According to the Centers for Disease Control and Prevention, each year 12.7 million are diagnosed with cancer and 7.6 million people die from the disease worldwide.

Cancer can be devastating, not only to the mind and body but to your finances, too: A 2007 study by researchers at Harvard University found that medical expenses were responsible for 62 percent of personal bankruptcies in this country. Surprisingly, 78 percent of those who filed for bankruptcy had medical insurance at the start of their illness, including over 60 percent who had private coverage, not Medicare or Medicaid.

High medical bills caused most of the medically related bankruptcies. In some cases, families were forced to mortgage their homes; others went into bankruptcy because a medical condition resulted in lost income. Hospital bills, prescription drugs, and physical therapy were among the services not covered by medical insurance in those surveyed.

Cancer Insurance: The Bottom Line

Statistically there's a better chance of getting diagnosed with cancer than of dying in a car accident or house fire, and Michael Hensh, an independent agent and district sales coordinator representing Aflac American Family Life Assurance Company, says cancer insurance is one way to avoid financial ruin: "Medical insurance is designed to pay doctors and hospitals. It was never intended to keep you financially sound," he explains.

"I sell cancer policies that provide a sizable cash benefit," says the agent, who handled several large cancer claims with an average pay out of $30,000 last year alone. "Once the patient has been diagnosed, they can use the benefit anyway the like. A small business owner I worked with used his insurance money to stay afloat while he was undergoing treatment and missing work."

Experts at the American Cancer Society say no health plan has benefits that cover all the costs of cancer treatment and few families know exactly what their insurance or managed care plans provide. "The reality is there's a lot not covered by medical insurance-even for a major illness like cancer," Hensh says, adding that consumers are often surprised that in many cases, tests and medication are considered out-of-pocket costs. High deductibles and co-payments can add up, too. This can further endanger patients' health, since "Cancer patients have been known to avoid tests they need and take half doses of medication so it lasts longer."

Patients should also think about experimental treatments when considering medical expenses: Hensh says they are not normally covered by medical insurance. "Non-traditional treatments have been responsible for curing many cases of cancer, yet they typically aren't covered by medical insurance," explains the New Jersey-based agent. "I've sold policies to many grateful people who've used the cash to help enable such treatments."

Health Care Reform and Cancer

Beginning in October 2013, the establishment of a new insurance marketplace will enable key parts of the Affordable Care Act to be implemented in 2014. Insurers and analysts say the role of federal subsidies still seems unclear but some experts believe an increased number of consumers will receive more generous plans as a result of the new law. While the effects of the law will vary widely, they are generally expected to affect individuals and small businesses more than large companies. By most measures consumers over the age of 65 are also expected to benefit.

One major change under the Affordable Care Act is that states are now required to have a pre-existing condition insurance plan or to establish a high-risk pool to cover people who have not had insurance for six months or more and have cancer or another pre-existing condition. For more information, visit: Note: Read information carefully when comparing policies. State-supported plans may cost more than some individual insurance plans.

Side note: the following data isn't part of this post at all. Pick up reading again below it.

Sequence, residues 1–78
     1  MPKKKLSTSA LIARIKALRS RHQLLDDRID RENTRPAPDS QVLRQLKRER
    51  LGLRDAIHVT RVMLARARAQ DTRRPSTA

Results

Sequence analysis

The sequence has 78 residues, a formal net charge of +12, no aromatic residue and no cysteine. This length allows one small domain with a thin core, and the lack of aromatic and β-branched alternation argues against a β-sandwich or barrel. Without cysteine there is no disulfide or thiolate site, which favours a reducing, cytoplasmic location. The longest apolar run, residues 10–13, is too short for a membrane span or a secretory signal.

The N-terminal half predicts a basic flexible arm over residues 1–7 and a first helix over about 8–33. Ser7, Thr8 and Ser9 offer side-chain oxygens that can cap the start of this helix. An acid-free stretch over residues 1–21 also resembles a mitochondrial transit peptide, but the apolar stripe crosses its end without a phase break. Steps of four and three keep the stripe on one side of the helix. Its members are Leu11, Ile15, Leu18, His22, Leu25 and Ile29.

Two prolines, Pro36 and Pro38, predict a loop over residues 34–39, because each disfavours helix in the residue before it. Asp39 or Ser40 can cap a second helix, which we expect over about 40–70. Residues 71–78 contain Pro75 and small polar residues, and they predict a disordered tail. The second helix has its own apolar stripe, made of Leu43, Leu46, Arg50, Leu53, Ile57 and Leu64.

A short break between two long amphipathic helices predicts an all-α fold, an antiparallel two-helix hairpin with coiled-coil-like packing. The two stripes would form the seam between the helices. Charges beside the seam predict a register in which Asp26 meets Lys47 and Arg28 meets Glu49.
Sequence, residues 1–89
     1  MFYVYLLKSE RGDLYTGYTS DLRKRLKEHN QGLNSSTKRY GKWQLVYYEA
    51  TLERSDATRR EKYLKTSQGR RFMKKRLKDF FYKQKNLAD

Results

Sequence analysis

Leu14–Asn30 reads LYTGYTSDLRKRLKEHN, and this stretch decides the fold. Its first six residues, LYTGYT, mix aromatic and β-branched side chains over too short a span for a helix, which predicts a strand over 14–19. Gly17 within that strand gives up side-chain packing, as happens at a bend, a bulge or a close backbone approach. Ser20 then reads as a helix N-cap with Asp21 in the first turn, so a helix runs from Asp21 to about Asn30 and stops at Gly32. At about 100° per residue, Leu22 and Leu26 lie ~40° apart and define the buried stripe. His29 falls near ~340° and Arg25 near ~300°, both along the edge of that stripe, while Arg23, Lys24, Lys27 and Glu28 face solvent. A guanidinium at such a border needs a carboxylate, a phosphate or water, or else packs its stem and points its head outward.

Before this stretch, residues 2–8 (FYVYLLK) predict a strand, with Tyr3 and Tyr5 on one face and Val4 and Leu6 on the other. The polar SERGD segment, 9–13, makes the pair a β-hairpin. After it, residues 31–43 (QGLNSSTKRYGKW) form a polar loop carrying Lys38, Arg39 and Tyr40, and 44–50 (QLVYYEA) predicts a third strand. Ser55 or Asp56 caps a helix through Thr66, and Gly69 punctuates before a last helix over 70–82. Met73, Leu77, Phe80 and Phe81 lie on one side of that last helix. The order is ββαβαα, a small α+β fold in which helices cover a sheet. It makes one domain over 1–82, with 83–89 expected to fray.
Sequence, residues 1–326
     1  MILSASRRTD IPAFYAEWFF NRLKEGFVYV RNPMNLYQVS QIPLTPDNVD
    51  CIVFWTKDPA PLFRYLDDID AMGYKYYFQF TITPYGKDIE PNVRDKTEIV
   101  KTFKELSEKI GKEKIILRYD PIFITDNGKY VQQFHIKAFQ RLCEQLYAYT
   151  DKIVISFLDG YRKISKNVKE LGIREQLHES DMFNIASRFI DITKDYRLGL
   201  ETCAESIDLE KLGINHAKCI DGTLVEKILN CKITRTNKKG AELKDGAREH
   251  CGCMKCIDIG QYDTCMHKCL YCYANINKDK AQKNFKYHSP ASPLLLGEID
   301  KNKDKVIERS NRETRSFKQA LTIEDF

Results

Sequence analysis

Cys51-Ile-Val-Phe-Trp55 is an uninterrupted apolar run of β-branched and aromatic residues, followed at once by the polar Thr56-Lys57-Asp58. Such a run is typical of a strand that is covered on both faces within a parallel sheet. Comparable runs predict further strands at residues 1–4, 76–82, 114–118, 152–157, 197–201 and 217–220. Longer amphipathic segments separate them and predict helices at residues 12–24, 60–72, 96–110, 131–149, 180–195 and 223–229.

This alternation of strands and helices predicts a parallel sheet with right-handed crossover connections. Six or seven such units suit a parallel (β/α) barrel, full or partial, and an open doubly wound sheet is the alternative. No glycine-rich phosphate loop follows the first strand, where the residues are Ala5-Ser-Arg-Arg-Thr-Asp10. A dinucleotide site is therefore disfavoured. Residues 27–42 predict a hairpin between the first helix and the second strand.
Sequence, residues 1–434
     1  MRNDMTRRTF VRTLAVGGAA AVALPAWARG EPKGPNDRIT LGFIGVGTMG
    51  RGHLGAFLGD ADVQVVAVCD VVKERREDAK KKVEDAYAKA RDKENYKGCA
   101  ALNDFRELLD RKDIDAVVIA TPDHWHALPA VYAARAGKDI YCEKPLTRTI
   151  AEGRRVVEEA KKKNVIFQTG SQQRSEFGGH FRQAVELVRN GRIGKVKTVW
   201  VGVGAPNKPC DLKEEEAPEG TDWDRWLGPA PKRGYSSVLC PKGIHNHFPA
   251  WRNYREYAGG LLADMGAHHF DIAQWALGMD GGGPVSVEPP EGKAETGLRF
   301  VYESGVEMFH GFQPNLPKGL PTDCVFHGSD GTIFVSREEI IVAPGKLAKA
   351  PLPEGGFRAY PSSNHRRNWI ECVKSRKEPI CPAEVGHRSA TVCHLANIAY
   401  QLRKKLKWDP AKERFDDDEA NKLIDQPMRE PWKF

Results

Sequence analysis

Regardless of changes brought on by the new law, the need for cancer insurance will not end, and Hensh advises buying it before receiving an unfortunate diagnosis-especially if there's a history of cancer in your family. "I usually recommend buying a supplemental policy in your 30s and 40s," says the agent. "Cancer insurance is more affordable than many people think—costing on average $5 per week for an individual."

Putting off buying cancer insurance can be a costly mistake, since many companies won't sell it to you after you have received a diagnosis, or have long waiting periods. "Compare policies and be sure to ask about age-related costs," Hensh advises. "Read the language carefully. Some policies will pay more per day for hospital stays ($350 vs. $300, for example), but that may only apply to concurrent hospitals stays [those that occur at the same time]. If you are sent home, but end up being readmitted a few days or weeks later, the subsequent hospital stay may not be covered." In addition, since treatments like chemotherapy and radiation are usually outpatient procedures, regular medical insurance might not cover hospital costs associated with these procedures.

Helpful Information for Patients

To assist consumers with changes brought on by the new law, the government has launched, intended to be a one-stop shopping venue for insurance. The website has details on over 4,400 plans from more than 225 insurers, and the information is updated monthly. A video with advice on finding insurance plans can also be found there.

People who are eligible for Medicare (over the age of 65) or Medicaid (low-income), may want to visit for more information about how those programs will be affected by health care reform.

Enlisting the help of a trusted insurance agent can help you make right decision for your circumstances.

Michael Hensh reviewed this article.

Not totally convinced? Read about the case against cancer insurance here.



Interview with Michael Hensh, independent agent representing Aflac American Family Life Assurance Company.